[tz] OpenJDK/CLDR/ICU/Joda issues with Ireland change

Robert Elz kre at munnari.OZ.AU
Fri Jan 26 20:32:38 UTC 2018

  From: "Yoshito Umaoka" <yoshito_umaoka at us.ibm.com>
  Date: Fri, 26 Jan 2018 14:32:49 -0500
  Subject: Re: [tz] OpenJDK/CLDR/ICU/Joda issues with Ireland change

  | The goal of CLDR is to provide names that people in a locale
  | can reasonably understand - and standard/daylight
  | names requires that people can distinguish one from another.

Why?  What is the motivation for that?

In real life, I see just the opposite - for better or worse, I get
to see a fair amount of US sport on TV, and during that (never to
ignore a commercial opportunity) there are often ads for other
programs (which are generally not available here...) and from what
I can see they are always advertised as being at 9 ET / 8 CT
(or whatever) - that is, just "eastern time" with no mention
of an S or a D.

"Why would that be?"  someone might ask...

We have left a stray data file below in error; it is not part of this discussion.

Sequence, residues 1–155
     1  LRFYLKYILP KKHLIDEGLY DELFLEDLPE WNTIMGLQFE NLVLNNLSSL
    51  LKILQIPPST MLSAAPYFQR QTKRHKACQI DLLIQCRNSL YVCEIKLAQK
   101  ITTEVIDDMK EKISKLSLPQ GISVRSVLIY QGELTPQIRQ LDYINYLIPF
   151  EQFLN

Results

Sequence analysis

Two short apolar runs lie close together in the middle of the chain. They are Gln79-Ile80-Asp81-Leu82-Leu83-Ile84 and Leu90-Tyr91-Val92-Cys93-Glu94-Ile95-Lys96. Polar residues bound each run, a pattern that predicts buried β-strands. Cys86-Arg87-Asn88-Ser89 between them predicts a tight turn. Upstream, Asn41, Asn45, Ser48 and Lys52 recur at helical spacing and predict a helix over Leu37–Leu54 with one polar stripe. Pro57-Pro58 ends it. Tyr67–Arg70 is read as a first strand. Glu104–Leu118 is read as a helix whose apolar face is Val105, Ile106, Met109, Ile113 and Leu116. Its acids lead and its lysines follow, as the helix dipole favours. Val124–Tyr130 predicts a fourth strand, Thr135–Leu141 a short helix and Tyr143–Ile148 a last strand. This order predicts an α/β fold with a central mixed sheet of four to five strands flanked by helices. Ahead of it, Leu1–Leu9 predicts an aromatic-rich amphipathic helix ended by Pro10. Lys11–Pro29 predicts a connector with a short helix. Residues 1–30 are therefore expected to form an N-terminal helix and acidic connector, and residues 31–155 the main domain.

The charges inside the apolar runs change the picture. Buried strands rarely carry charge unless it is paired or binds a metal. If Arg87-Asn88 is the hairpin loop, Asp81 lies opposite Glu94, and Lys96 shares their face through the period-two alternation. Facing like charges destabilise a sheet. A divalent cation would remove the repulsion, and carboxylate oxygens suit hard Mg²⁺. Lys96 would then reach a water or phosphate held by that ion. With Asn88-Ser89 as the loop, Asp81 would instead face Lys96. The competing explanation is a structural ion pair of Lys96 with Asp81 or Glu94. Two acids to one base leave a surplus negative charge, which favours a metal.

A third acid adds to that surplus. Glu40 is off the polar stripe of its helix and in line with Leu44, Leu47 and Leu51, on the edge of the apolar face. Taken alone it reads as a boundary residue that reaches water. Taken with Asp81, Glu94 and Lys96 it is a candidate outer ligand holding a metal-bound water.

Because in practice no-one cares - all that matters is what time
should a viewer switch on the TV to the relevant channel if they
want to watch.   That is, a sync between the event and wall
clock time.   What offset it happens to be from UTC this week,
and whether it will be the same offset next week, is irrelevant.

This is not to say that knowing the offsets is useless, there
are applications for that .. it is just that the end user mostly
does not care, and the long/short names don't seem to have any
other use than to be presented to end users.   After all, CLDR,
one application you'd think would make use of the names that
exist (without its versions) doesn't even bother to use tzdb's
names - choosing instead to simply ignore them.   If this
applocation prefers to find some other way, how could be expect
that any other would be different?

The time zone is only mentioned in US ads because the US is a country
with multipe zones, and with synchronised broadcasts, the clock time
will be different in different regions.  In countries without that,
there is normally (from my observation) nothing more than the time.
I suspect it is probably like that in Japan too, isn't it?

That is why I asked for an example of something real, where the
timezone information is actually used for some real practical
purpose (just displaying it because we have it does not count.)

So far (and I know it has not been very long) there has been nothing.

  | "generic" name is not in TZ db database.

You're right, it isn't, and perhaps should be.   For all
zones, the relevant (English) string is probably "Time"
(abbreviation, "T").


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